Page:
|Other names: 49,XXXXX, penta X, XXXXX syndrome|
|Symptoms||Intellectual disability, short height, low-set ears, decreased muscle tone, developmental delay|
|Complications||Congenital heart disease|
|Causes||5 X chromosomes|
|Risk factors||Older parents|
|Diagnostic method||Chromosomal analysis|
|Differential diagnosis||Down syndrome, triple X syndrome, tetrasomy X, Turner syndrome|
|Treatment||Based on symptoms|
Pentasomy X, also known as 49,XXXXX, is a chromosomal abnormality in which a female has five X chromosomes instead of the normal two. Signs may include intellectual disability, short height, low-set ears, decreased muscle tone, and developmental delay. Complications may include congenital heart disease.
The condition is due to problems during the formation of the reproductive cells in a person's parents. Risk factors include older parents at the time of conception. Diagnosis is suspected based on symptoms and confirmed by chromosomal analysis.
Signs and symptoms
- Small head
- Ear abnormalities
- Widely spaced eyes with upward slanting palpebral fissures and epicanthal folds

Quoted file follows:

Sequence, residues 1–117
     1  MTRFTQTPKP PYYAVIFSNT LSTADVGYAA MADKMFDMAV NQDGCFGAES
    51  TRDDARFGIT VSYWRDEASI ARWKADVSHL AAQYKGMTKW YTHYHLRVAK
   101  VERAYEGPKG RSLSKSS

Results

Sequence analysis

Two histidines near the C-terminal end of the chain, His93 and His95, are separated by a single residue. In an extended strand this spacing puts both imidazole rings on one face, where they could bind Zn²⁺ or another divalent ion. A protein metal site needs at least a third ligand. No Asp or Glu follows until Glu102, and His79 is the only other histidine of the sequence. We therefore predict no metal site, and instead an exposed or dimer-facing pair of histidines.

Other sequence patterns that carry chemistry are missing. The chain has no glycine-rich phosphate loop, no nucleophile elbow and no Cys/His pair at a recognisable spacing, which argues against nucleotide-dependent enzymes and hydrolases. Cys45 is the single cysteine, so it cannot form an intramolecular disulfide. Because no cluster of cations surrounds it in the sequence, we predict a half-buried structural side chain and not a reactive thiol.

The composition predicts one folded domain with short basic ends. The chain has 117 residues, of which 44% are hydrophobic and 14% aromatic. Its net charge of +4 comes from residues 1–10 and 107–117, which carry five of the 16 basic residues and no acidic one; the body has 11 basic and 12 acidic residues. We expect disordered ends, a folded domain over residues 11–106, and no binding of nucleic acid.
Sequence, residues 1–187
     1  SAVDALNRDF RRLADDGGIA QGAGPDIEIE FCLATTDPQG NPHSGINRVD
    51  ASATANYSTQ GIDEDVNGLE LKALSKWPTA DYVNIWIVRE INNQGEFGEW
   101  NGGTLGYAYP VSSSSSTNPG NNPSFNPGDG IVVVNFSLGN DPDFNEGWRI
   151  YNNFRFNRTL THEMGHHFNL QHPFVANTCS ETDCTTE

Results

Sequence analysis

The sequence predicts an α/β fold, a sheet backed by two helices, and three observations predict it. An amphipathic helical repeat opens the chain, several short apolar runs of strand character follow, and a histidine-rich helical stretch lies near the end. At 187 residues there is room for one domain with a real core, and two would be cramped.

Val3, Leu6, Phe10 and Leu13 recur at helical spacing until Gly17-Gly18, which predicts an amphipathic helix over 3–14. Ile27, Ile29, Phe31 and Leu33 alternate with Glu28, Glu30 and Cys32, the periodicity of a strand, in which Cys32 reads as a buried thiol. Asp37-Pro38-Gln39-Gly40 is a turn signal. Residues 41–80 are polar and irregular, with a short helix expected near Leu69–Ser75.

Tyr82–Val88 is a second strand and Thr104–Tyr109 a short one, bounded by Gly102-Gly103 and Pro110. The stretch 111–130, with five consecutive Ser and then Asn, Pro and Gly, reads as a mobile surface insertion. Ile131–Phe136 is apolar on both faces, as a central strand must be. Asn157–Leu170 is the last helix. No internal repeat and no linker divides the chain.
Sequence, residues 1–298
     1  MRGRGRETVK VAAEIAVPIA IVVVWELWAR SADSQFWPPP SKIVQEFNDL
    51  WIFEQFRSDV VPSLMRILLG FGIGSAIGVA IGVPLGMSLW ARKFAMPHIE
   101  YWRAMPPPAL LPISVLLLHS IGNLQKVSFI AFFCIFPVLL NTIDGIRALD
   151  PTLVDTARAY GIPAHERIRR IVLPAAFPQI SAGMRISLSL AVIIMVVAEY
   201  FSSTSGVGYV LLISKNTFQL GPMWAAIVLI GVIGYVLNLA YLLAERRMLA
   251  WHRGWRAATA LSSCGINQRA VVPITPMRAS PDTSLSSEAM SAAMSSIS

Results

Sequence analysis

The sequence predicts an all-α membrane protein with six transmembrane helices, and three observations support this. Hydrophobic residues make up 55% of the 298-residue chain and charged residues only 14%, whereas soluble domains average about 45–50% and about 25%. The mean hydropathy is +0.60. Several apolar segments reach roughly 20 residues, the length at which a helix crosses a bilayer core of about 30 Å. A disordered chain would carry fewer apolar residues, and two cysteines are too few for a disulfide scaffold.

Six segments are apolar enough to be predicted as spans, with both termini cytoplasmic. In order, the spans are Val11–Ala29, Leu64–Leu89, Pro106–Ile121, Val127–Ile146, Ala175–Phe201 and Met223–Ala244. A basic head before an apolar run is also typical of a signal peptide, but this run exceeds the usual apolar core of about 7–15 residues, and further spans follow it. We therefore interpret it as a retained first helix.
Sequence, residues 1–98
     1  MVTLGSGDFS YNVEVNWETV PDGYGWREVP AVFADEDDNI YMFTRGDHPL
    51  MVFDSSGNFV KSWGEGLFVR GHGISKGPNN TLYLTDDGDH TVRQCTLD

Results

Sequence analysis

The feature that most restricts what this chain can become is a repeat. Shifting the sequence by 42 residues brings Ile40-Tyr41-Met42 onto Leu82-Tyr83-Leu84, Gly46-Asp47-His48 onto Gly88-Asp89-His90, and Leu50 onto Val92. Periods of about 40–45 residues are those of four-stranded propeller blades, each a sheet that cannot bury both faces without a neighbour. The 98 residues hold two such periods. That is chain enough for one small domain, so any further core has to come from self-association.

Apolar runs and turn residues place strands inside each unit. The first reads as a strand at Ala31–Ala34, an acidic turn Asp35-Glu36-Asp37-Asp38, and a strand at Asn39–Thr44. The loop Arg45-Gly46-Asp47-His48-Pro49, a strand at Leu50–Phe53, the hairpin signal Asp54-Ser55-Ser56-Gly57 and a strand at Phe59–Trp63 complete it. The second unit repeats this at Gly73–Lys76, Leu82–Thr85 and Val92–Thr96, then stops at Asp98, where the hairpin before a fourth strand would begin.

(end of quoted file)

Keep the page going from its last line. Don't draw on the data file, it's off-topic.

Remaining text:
- Short neck
- Broad nose with a depressed nasal bridge
- Hyperextension of the elbows
- Dental abnormalities and cleft palate
- Clinodactyly of the fifth finger
- Deformities of the feet
- Heart defects
The aneuploidy is thought to be caused by problems occurring during meiosis, either in the mother or in both the mother and father. Successive nondisjunctions have been observed in the mother of at least one patient.
The features of the syndrome likely arise due to failure of X-inactivation and the presence of multiple X chromosomes from the same parent causing problems with parental imprinting. In theory, X-inactivation should occur and leave only one X chromosome active in each cell. However, failure of this process has been observed in one individual studied. The reason for this is thought to be the presence of an unusually large, and imbalanced, number of X chromosomes interfering with the process.
In terms of diagnosing this condition, can be done via clinical examination and confirmed by chromosomal analysis performed on blood samples to determine if fact it is Pentasomy X
Treatment is specific to the symptom exhibited. In the case of congenital heart defect, medications or surgery may be needed
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